Until yesterday, Shannon O'Connor thought more about the danger and fun of being a police officer when she grows up and less about what could help her to become one: a college degree.
And so Shannon was not as excited as the rest of a seventh-grade advance team preparing to wave their miniature Maryland flags for the governor at Canton Middle School: Whatever the governor said about scholarships when he came into the library wouldn't affect her, she thought, because police officers don't go to college.
But while it may not take a degree to become an officer, more and more officers are getting them, and many police departments require college work for promotions. Shannon could be one of thousands of students affected by the bill Gov. William Donald Schaefer was promoting yesterday.
Surrounded by 12-year-old prospective engineers, nurses, teachers, lawyers and a trombone player, the governor staged a mock signing of the Scholarship Reform Act of 1991. The centerpiece of the new state law is a free ride to college for children whose parents earn $25,000 or less, as long as they keep their high school grades up and choose a college in Maryland.
"Maybe it will help me," Shannon said, smiling.
About 5,000 students who start high school next fall may ultimately benefit from the new state program. When graduation rolls around four years hence, the state hopes to give $10 million to the smartest, neediest students -- a 50 percent increase in the scholarships now available to Maryland residents.
In addition, the state will try to meet 40 percent of the needs of middle-income students.
The Educational Excellence Award Program was sparked by Louisiana oil magnate Patrick F. Taylor who promised in 1988 to pay college education for 180 children if they earned good grades and then lobbied the state Legislature to make the same offer to all Louisiana children.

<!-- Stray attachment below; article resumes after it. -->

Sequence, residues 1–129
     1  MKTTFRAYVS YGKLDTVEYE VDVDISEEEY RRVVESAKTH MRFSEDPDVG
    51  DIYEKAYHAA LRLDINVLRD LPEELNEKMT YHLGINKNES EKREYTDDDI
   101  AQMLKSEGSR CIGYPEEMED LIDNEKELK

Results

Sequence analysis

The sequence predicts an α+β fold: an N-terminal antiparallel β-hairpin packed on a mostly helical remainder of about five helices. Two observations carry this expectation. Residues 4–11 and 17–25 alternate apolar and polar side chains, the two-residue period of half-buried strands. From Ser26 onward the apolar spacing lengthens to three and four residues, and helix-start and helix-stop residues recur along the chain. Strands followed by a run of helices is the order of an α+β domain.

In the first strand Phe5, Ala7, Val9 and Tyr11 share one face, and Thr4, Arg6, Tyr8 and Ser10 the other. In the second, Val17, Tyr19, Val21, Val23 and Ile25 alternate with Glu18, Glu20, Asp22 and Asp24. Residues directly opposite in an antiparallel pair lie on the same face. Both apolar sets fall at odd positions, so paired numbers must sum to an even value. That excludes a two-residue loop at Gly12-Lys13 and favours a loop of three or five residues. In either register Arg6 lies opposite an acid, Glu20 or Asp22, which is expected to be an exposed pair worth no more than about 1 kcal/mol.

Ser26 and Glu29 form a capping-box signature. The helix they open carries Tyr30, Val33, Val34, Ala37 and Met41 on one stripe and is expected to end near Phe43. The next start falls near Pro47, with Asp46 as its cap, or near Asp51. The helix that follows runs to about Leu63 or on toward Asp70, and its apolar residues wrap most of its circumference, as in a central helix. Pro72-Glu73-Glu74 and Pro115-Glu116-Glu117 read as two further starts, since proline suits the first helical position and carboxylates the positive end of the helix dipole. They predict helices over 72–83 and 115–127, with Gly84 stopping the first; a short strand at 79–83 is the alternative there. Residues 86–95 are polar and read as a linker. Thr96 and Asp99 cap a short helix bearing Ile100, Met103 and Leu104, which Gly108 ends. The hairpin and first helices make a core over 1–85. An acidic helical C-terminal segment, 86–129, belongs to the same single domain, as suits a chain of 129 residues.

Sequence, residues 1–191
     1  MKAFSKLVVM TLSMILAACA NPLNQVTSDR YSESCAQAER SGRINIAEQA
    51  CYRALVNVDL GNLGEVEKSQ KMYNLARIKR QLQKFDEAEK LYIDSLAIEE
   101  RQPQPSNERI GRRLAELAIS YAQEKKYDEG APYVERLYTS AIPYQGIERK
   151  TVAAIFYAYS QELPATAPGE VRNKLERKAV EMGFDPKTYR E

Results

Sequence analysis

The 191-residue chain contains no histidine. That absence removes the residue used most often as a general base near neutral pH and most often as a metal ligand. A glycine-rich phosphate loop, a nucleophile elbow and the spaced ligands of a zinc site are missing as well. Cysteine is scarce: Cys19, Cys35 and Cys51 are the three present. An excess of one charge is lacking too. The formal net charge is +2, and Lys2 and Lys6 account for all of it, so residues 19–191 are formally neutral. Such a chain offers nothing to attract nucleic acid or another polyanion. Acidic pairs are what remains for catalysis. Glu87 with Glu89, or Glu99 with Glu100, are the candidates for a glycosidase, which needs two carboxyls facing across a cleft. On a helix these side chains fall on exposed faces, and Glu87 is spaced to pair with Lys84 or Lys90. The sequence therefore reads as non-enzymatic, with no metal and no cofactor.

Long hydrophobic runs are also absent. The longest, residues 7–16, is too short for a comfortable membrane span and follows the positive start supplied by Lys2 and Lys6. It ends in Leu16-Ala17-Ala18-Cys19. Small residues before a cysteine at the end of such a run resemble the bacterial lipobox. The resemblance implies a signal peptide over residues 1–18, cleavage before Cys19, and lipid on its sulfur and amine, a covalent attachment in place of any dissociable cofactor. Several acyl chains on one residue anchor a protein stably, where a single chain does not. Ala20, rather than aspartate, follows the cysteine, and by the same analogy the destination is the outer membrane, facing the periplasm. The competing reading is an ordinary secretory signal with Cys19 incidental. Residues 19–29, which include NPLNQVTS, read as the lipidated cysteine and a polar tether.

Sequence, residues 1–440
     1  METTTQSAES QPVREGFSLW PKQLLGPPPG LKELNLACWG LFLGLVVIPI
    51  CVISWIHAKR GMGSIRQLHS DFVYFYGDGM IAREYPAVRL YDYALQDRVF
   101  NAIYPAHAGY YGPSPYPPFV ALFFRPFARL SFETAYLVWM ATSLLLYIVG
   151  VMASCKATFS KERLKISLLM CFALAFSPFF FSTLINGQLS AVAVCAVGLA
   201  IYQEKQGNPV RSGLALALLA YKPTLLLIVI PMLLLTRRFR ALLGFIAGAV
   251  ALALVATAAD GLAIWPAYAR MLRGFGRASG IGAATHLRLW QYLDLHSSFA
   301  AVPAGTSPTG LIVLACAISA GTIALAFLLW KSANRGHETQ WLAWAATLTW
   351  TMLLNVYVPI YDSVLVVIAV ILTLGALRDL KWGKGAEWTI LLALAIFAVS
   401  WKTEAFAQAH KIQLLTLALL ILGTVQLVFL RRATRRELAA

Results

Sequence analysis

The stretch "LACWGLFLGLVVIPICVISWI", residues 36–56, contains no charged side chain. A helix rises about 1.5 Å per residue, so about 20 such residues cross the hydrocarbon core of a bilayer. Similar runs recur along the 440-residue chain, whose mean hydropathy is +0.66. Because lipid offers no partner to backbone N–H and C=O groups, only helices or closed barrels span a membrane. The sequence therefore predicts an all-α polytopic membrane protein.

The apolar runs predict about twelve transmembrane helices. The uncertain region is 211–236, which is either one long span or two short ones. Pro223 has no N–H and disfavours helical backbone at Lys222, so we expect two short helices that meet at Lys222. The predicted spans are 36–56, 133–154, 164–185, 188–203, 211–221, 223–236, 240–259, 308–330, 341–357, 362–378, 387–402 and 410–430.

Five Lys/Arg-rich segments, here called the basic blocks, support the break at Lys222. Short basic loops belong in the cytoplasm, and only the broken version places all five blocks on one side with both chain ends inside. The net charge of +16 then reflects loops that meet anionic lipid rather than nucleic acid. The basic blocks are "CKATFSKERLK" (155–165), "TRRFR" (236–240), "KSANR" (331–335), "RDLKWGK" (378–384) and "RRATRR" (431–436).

When the scholarship bill is formally signed into law Friday, Maryland will become the eighth state to institute a tuition-assistance guarantee for low-income students who study hard.
The new program "helps me a lot," said Teresa Brooks, 12, who said she wants to be a registered nurse.
Governor Schaefer told the students that college is not for everybody, and many people skip college and go on to be "pillars of the community, and that's OK." But he said college is a key to the nation's competitiveness. "It's not that difficult to meet the conditions," he said.
To qualify, children of needy parents need to earn a "B" high school average in college preparatory courses and stay away from drugs.
Juan Salinas, 12, who spends a lot of time "playing around," says he doesn't know if he can meet the academic challenge. On the other hand, he said, "My dad helps me study. This will make Dad help me study harder."
A central idea behind the guaranteed-aid program is to give middle-school students the impetus to think about college early enough to take the right high school courses to be admitted. Some Canton Middle School students said yesterday they are not only planning to go to college but already have one picked out. But instead of Maryland schools, they named the University of Michigan, Yale and the Julliard School of Music.
"Why not Johns Hopkins?" Maryland Secretary of Higher Education Shaila Aery asked Thomas Clifton, 13, who said he wanted to study electrical engineering at Michigan. "They [Michigan] have sports," he replied.
The new program won't provide any money to help Thomas do that, though. The scholarships can only be used at 56 higher education institutions in Maryland, including 17 community colleges, a host of public and private four-year colleges and two full-fledged research universities.